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Inside iOS 9.3: Apple will allow third-party apps to add music to your iCloud Music Library [u]

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With its forthcoming iOS 9.3 update, Apple plans to allow third-party apps to add songs to a user's iCloud Music Library, eliminating the need to use iTunes on a Mac or PC to upload songs to the cloud or add them to the iOS Music app.

Users running any of Apple's first three iOS 9.3 betas can find access controls for "Media Library" under the Privacy section in Settings. This doesn't prevent apps from reading your library, though — instead, it controls which apps can write to it.

As explained by developer Ben Dodson, iOS 9.3 will give developers the ability to add songs to a user's iCloud Music Library. For an app to do so requires permission from the user.

Because the feature requires use of a new API found in iOS 9.3, there are no apps that take advantage of the capability yet. But presumably an app like SoundCloud might make it possible for a user to export a song or playlist to an iCloud Music Library with a user's permission.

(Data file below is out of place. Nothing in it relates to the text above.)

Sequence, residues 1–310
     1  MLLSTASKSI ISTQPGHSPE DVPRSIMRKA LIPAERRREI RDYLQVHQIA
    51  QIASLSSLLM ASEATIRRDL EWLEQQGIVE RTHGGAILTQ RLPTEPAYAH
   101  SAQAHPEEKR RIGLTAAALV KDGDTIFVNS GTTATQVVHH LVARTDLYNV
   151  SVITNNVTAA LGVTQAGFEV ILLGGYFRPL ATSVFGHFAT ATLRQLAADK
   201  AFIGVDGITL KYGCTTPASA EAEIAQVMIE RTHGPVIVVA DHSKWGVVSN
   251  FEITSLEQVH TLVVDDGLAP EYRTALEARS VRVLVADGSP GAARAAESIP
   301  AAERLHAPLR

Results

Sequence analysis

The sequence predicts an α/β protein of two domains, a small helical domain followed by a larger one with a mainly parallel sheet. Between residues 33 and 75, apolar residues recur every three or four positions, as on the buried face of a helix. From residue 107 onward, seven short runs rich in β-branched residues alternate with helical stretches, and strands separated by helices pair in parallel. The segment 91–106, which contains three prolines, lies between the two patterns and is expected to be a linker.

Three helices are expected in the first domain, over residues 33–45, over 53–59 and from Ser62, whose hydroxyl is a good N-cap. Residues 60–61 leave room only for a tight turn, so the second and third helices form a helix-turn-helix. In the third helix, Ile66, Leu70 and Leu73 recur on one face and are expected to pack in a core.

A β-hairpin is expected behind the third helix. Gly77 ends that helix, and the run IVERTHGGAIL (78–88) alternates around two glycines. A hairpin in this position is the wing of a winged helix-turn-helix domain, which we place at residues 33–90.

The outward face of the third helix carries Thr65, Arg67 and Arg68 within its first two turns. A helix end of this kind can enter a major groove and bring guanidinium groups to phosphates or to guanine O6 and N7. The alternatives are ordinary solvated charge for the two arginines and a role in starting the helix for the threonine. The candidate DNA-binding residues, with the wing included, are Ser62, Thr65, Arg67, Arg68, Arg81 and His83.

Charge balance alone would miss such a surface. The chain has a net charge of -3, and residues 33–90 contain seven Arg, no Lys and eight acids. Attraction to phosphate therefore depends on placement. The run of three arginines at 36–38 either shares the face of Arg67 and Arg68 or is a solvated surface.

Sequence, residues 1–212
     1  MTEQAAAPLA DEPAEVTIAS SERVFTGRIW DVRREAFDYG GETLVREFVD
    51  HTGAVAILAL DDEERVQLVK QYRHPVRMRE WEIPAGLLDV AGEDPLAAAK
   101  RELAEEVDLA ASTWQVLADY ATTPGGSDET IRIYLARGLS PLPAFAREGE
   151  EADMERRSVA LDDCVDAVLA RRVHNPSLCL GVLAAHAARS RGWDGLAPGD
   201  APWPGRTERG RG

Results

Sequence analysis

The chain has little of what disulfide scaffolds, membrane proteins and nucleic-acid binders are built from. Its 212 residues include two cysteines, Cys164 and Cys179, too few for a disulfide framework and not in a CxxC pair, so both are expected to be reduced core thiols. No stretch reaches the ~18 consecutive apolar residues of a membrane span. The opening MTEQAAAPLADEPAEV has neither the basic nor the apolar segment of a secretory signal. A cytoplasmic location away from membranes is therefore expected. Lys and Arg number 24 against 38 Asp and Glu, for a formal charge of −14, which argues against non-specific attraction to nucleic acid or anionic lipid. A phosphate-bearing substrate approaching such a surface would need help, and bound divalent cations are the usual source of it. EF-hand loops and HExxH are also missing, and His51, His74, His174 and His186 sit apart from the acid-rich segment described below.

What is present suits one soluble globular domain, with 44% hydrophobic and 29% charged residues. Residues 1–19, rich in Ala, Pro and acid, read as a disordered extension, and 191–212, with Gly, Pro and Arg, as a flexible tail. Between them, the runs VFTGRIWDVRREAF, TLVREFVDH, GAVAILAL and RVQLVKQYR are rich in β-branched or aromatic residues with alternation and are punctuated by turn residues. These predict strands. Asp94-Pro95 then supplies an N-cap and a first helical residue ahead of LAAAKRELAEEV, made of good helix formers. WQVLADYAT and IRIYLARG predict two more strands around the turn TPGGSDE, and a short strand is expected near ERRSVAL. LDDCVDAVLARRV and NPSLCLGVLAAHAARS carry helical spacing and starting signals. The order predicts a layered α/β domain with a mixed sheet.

Update: Dodson further clarified that songs imported via the new API must be found in the Apple Music service —  that is to say they can be matched, but not uploaded. Uploading unmatched songs to an iCloud Music Library will presumably still require a Mac or PC with iTunes.

iCloud Music Library allows Apple Music and iTunes Match subscribers to upload their MP3 collection to the cloud, including songs that are not available on the iTunes Store. Currently, users must access the desktop version of iTunes on a Mac or PC to upload or match songs to their iCloud Music Library.

But the new "Media Library" permissions in iOS 9.3 should make it easier for users to manage their music library directly from an iPhone or iPad, without the need for a separate, full-fledged computer.

For more on the upcoming release of iOS 9.3, see AppleInsider's in-depth coverage: